An Interview With Sports Documentary Producer Eric Newland

    By | Small Business

    IMG_5183I recently had the pleasure to sit down with Eric Newland who is in the process producing a  documentary about America’s Negro League Baseball. His passion of baseball and history will be ever present throughout his film  “The Parallel Game”, exploring American history’s greatest past time. He went on to discuss the process of producing a documentary, the people he has met, and the determination and patience it takes to bring a story to life as they are navigating the world of filmmaking.

    Christian Roberts: What inspired you to produce this project?

    Eric Newland: Traveling back 25 years prior to the age of Google aided research and even earlier, I had a passion for Negro League Baseball which I followed by creating a self-inspired talk show, Inside Baseball. “Only the Ball was White” was a groundbreaking history book by Robert Peterson about the Negro Leagues. It opened my mind to a fascinating yet sometimes disturbing history of that era-a story which was largely untold.  On the show, I interviewed former NLB players, historians, and sportswriters.  A chance conversation with my colleagues about Peterson’s book combined with my interviews, inspired us to begin this project.

    Roberts: What about this project stands out from other Documentaries?

    Newland: Our conversations and meetings with experienced film producers have opened our eyes to various avenues including a documentary, a scripted episodic series or even a feature film.   For example, a pure documentary is the simplest path but one which could evolve into a mini-series or we may go straight to a series. A feature film is the most remote. In whatever form it ultimately takes, we believe the uniqueness of The Parallel Game comes from the virtually untold history of the 1920s-1940s told through the background of Negro League Baseball which ran concurrently with historic and cultural events such as the Great Depression, the evolution of music from gospel and spirituals to Blues and Jazz, and the Black experience during World War II. Our project title, The Parallel Game, evokes both the similarity of segregated Black and White baseball as well as the historical and social turbulence of that era.

    Roberts: What’s it like producing a project?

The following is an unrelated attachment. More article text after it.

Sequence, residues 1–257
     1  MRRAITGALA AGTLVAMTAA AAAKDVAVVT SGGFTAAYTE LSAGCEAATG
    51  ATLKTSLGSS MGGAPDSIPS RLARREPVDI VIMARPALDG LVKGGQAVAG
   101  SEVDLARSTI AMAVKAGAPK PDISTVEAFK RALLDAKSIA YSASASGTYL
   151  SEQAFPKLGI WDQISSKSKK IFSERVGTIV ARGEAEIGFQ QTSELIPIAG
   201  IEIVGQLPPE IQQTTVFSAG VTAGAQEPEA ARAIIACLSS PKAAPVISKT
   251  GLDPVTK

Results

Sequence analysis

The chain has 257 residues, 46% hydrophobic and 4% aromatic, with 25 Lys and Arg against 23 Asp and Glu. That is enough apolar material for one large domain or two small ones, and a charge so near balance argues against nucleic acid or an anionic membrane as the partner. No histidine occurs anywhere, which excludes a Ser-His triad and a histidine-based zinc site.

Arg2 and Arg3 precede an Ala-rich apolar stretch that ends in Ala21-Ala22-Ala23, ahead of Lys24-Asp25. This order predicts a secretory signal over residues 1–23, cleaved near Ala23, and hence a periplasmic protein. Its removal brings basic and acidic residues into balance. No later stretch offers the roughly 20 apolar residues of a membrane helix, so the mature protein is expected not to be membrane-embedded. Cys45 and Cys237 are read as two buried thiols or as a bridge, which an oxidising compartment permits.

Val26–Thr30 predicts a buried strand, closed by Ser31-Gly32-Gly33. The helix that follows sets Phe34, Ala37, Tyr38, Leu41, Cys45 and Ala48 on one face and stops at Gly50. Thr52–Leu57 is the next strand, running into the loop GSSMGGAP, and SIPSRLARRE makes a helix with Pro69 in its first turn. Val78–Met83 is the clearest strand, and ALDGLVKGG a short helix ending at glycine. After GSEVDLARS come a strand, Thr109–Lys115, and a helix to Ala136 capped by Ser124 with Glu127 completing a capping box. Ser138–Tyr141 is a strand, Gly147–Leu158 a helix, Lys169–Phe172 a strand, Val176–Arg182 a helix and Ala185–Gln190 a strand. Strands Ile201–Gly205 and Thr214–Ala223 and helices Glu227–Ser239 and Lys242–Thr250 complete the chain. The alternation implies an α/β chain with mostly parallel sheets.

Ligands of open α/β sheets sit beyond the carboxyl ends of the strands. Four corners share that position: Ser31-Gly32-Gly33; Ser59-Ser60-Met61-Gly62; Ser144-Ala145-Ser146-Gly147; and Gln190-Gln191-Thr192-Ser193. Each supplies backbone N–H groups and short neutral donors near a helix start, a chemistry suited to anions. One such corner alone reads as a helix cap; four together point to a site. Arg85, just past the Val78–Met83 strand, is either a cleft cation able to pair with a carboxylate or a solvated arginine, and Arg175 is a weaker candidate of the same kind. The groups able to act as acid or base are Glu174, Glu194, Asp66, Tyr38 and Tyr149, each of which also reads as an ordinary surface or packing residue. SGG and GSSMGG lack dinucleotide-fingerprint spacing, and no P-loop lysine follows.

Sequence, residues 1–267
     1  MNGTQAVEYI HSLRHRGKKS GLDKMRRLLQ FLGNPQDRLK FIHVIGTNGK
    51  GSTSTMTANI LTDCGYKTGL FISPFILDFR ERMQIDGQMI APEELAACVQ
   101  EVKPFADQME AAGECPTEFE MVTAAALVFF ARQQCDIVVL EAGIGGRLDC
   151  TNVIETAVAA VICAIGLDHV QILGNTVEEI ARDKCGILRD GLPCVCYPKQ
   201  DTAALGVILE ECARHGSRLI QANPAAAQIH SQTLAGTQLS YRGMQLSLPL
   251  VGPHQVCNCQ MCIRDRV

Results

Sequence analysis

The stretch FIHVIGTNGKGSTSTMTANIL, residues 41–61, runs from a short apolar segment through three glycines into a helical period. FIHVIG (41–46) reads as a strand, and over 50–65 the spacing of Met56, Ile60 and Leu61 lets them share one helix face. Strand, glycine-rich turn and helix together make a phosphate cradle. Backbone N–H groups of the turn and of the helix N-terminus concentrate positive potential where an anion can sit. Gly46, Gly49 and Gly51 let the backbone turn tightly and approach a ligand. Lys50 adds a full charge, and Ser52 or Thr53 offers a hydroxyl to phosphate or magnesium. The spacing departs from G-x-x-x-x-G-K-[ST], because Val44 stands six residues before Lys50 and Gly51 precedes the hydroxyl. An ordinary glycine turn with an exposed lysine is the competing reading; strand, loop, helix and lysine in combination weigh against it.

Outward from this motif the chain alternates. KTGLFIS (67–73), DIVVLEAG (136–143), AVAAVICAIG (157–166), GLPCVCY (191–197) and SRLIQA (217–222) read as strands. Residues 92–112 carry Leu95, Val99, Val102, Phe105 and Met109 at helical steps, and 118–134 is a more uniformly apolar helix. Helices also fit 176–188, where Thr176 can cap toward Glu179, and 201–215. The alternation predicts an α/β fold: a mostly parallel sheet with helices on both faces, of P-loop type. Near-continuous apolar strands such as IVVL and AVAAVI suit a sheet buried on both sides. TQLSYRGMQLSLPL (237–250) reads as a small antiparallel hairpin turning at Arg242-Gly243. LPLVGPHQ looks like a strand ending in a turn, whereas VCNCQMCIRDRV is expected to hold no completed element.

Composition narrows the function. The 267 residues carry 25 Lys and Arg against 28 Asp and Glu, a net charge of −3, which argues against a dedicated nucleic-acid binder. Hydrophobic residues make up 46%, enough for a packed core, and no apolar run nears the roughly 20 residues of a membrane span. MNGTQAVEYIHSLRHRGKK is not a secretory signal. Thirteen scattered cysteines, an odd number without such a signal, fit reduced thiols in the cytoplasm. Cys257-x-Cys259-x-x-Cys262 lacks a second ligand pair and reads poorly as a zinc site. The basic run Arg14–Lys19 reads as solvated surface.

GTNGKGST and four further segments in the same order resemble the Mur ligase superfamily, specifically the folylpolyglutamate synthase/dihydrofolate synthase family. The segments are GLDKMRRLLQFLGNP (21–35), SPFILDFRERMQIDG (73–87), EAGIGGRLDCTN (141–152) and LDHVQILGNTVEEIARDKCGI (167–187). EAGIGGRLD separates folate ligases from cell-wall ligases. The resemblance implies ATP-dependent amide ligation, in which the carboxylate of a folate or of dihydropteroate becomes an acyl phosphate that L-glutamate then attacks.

Newland: This is our first film project which came about simply by following our passion, again, we are not limiting this solely to a documentary but rather taking a central theme and asking film experts to take us in the right direction—documentary, mini-series or other vehicles.  As relative “rookies” yet having significant involvement in various businesses, we are fascinated by the learning experience and especially the diversity of people we have been meeting.  It is remarkable when people’s eyes light up with just a glance at our logo which inevitably opens a spirited conversation about our project.  Interestingly, our on-going research continues to shed new light on the culture of that era which was a precursor to integration not just of baseball, but of American society.

    Roberts: What kind of people have you interviewed?

    Newland: This is our first film project which came about simply by following our passion, again, we are not limiting this solely to a documentary but rather taking a central theme and asking film experts to take us in the right direction—documentary, mini-series or other vehicles.  As relative “rookies” yet having significant involvement in various businesses, we are fascinated by the learning experience and especially the diversity of people we have been meeting.  It is remarkable when people’s eyes light up with just a glance at our logo which inevitably opens a spirited conversation about our project.  Interestingly, our on-going research continues to shed new light on the culture of that era which was a precursor to integration not just of baseball, but of American society.

    Roberts: What kind of people have you met and interviewed for this project?

    Newland:  In addition to the interviews of NLB players, sportswriters and historians conducted about 25 years ago, our recent efforts run a gamut from current and former Major League Baseball players including Frank Robinson who is the only man to be the MVP of both the American and National Leagues, the first Black major league manager and in the Hall of Fame, All-Stars Tommy Davis and Lorenzo Cain, Black and White historians, a former owner of a notable MLB franchise, Bob Kendrick, President of the Negro League Baseball Museum in Kansas City, and a former head of the Congressional Black Caucus.

    Roberts: What’s the next step for the project? And lastly, what are some words of advice you can give about producing?

    Newland: We have been actively pursuing additional interviews with former and current players and, especially, meeting with experienced film insiders who are interested in the project. These insiders have been providing direction on how best to advance this project. We are in the process of building social media sites and exploring various fund raising vehicles.  Our advice, especially for “newcomers”, is to stay focused with a disciplined structure and to network as much as possible with experts in all fields that connect with the project topic.

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